A friend, Ryan Bellerose, a Meti and an active supporter of Israel and Zionism, recently described the relationship between Judaism and Zionism as a Love Story, one that has been playing out on the world stage for at least 2,000 years.

I liked that allegory. I liked it very much. It brought to mind one of my favourite allegorical love stories of all times, “Song of Solomon”.

In it, the writer depicts the harmonious relationship between two lovers who are yearning for each other’s company. They are dialoguing with each other in intimate terms that only lovers share. The poetic expressions, complimentary, flattering and metaphors that they exchange, are unique to the two of them. They are the substance, the delicate weave, that form fabric of love that only the two of them can understand, one that touches on the most inner cores of their being.
Various interpretations have been given to the nature of the poetry of the Song of Solomon.  However to us, Am Yisrael, of whose rich scriptures and tradition the book is a part, it can mean one relationship only, the one between G-d and His People.

Ryan’s words made me realize that had King Solomon written his words in modern days and not 3,000 years ago, they would symbolize for many of us the 3,000 years of romance and strong connection that Am Yisrael has had with its ancestral homeland in Eretz Yisrael and Zion.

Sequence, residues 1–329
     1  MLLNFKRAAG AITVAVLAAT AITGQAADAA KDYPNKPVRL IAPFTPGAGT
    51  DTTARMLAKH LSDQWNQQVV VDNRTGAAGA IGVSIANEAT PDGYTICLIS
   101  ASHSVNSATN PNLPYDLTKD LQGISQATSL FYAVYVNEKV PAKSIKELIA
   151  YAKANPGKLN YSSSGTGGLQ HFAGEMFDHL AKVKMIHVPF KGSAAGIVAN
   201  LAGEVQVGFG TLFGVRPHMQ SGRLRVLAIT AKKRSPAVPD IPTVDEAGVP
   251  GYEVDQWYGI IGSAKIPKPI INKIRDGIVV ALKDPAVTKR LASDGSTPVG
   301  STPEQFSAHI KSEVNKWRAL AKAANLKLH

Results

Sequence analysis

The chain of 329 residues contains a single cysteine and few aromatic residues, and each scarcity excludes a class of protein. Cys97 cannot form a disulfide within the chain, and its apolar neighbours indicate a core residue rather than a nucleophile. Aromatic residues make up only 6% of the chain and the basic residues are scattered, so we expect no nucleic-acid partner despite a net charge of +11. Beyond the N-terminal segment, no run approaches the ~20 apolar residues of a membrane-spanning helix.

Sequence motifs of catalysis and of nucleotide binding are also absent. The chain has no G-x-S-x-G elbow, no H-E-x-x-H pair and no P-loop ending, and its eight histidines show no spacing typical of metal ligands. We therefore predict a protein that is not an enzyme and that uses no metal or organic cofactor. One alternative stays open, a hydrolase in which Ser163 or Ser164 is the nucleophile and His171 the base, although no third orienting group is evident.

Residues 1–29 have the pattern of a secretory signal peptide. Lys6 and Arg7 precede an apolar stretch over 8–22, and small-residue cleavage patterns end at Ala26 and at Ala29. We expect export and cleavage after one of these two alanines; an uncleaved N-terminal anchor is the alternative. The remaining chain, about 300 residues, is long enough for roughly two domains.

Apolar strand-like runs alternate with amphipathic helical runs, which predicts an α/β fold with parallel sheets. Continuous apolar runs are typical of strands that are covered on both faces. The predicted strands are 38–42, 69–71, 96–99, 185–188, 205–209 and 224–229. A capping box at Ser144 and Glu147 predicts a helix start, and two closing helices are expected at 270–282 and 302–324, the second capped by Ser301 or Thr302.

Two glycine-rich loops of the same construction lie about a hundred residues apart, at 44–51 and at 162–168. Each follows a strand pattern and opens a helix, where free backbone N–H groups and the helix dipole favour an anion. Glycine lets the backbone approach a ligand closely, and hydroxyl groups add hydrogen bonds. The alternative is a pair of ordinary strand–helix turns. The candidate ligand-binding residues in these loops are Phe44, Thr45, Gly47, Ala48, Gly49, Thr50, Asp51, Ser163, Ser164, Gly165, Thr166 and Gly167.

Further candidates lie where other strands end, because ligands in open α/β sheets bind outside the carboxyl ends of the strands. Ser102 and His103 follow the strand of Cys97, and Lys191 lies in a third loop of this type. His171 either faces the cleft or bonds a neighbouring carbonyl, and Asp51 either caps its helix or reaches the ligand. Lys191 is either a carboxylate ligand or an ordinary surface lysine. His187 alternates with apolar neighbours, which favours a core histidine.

We all know that the connection between Am Yisrael and Eretz Yisrael started when G-d promised it to Avraham more than 4,000 years ago in the Book of Genesis.  Many, however, seem to fail to see when the concept of Zionism started.  For their sake, here is a brief reminder.

The word “Zion” is first mentioned in 2 Samuel 5:7, which according to modern day scholarship dates back 3,000 years. Initially, it referred to a specific mountain near Jerusalem.  Later, it became a metonym for Solomon’s Temple.  According to 2 Samuel 24:18-25, King David purchased the area of the Temple Mount from a Jebusite by the name of Arvana, the owner of a threshing floor who offered it to him for free.  King David refused and insisted on paying full price in gold for it: “but I will buy them for the full price.  I will not take for the Lord what is yours, nor offer burnt offering that cost me nothing.”

That exchange constitutes Am Yisrael’s deed to that holy place for Jews.

The Temple Mount is also known as Mount Moriah where Avraham was called to sacrifice his son Yitzchak:

“Take now thy son, thine only son, whom thou lovest, even Isaac, and get thee into the land of Moriah; and offer him there for a burnt-offering upon one of the mountains which I will tell thee of.”  “(Genesis 22, 2)

By following that command, Avraham demonstrated ultimate obedience, trust, dedication and love of G-d.

Later in in 2 Chronicles 3,1, we are told,

“Then Solomon began to build the house of the LORD at Jerusalem in Mount Moriah, where [the LORD] appeared unto David his father; for which provision had been made in the Place of David, in the threshing floor of Ornan the Jebusite.”